Russia has always had a bewitching allure to me. As a history aficionado, I was fascinated by its excruciating, yet sensitive history. In this context, a visit to the Bolshoi Theatre had an uncanny allure. This venue is world renown and for many years, it was off limits to western travelers. The Bolshoi dates back to the time of Catherine the Great, circa 1776 and its formal name is “The State Academic Bolshoi Theatre of Russia.” The building in its current iteration has been operating since 1856, coordinated with the coronation of Tsar Alexander II. The Bolshoi has survived fires, wars and regime changes. It was recently restored to its magnificent glory.
If you travel to Moscow, you must take a performance at this iconic venue. I suggest buying tickets ahead of time, directly from the Bolshoi website. Do not wait and hope to buy at the box office, as the best performances are sold out weeks in advance. And it should go without saying to avoid the black market tickets. Keep in mind that the Bolshoi company goes dark during their vacation period, usually mid July to mid September. The original stage is listed on the website as the “Historic Stage.” The Bolshoi also operates the “Boris Pokrovsky Chamber Stage,” the Moscow Music Theatre “Helikon Opera” and the so called “new stage” that held performances while the historic stage was remodeled and updated to the 21st century.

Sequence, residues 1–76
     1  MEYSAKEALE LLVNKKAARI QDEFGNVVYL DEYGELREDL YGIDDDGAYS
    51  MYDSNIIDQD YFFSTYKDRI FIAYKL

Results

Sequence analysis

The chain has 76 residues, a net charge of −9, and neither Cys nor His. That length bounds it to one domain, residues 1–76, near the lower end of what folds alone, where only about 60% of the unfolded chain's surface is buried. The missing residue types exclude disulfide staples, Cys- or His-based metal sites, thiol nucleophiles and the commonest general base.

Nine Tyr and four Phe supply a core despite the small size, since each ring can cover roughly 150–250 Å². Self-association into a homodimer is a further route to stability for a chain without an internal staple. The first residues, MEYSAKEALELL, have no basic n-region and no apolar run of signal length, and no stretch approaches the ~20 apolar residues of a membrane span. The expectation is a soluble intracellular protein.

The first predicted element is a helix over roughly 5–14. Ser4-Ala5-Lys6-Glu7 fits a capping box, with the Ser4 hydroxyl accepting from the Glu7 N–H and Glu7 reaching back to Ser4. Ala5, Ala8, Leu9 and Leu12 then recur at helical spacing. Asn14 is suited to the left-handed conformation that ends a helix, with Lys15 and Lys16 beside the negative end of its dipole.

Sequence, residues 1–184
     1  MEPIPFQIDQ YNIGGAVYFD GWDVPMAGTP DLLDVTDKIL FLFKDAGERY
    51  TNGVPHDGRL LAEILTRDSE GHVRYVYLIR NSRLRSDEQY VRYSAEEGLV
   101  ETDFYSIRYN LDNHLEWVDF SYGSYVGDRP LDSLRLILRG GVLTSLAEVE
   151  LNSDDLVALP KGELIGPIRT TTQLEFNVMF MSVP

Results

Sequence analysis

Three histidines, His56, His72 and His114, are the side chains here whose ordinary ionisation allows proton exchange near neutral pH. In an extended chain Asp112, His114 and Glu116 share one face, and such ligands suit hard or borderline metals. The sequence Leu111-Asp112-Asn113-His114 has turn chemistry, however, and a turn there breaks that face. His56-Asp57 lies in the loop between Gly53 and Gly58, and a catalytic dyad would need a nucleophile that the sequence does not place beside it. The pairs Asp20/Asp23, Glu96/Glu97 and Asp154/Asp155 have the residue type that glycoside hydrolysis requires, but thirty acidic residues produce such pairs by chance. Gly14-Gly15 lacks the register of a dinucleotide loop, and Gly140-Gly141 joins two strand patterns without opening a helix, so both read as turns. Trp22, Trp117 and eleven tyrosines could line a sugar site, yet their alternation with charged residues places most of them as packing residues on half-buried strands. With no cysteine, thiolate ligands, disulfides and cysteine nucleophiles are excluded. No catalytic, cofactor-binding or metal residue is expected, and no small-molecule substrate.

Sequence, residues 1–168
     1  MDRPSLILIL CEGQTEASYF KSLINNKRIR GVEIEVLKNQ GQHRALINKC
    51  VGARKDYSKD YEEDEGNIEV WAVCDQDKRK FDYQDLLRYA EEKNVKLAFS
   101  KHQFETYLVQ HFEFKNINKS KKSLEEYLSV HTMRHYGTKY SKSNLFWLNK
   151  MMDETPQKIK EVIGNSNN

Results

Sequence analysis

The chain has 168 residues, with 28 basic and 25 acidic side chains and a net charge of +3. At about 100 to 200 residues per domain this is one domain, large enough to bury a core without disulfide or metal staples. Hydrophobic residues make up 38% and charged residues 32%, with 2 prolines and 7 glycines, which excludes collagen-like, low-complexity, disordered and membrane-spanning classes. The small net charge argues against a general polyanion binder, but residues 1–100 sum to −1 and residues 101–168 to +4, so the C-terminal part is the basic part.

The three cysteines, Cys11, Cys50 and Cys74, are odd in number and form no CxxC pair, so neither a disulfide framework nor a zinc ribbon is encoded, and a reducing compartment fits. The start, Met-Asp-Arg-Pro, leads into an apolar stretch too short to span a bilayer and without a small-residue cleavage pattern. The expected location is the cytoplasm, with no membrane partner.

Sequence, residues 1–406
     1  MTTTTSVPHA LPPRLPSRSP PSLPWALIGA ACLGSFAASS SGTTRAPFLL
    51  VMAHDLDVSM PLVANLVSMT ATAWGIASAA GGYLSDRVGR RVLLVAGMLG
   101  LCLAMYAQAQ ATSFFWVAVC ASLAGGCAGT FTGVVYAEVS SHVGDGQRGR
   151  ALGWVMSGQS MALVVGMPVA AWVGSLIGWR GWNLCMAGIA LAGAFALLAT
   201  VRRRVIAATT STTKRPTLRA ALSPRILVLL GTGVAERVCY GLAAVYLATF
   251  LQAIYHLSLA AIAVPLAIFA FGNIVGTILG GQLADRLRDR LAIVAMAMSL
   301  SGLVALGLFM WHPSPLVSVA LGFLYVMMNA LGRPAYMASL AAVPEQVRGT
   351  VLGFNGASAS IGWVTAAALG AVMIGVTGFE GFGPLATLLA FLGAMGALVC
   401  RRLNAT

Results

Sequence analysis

The Bolshoi is in the heart of Moscow, walking distance to Red Square, The Kremlin Museum and St. Basil’s Cathedral. If you are not staying in the immediate area, do come early to look around and enjoy the area known as “Teatralnaya Square” or Theatre Square. Once inside the Theatre, ushers will guide you to your seat. Once upon a time, black tie and evening gowns were required to attend a performance at the Bolshoi, but as is true in most other parts of the world, there is no mandated dress code. Be warned, shorts for men or extremely revealing outfits for women will get you denied entry.
During the intermission, you are welcome to look around the magnificent lobby. There are wonderful displays of costumes, photographs and other artifacts that celebrate Russian artists. But remember to be back in your seat before the third bell rings! And while we are discussing etiquette, photographing or recording the performance is prohibited.
If you cannot secure tickets to a performance, you should at least take a historic building tour. The tours are held on specific days and are available in English or Russian only. The tickets are available at the official website and remember that no tours are held from mid July to mid September.
I have admired Russian culture and arts for a long time. From the novels of Pushkin and Dostoevsky, the incomparable musical arrangements of Mussorgsky and Tchaikovsky, to the sorrowful history of Imperial Russia to the Soviet Union, there is so much to learn about Russia and her people. A visit to the Bolshoi theatre was an appropriate start.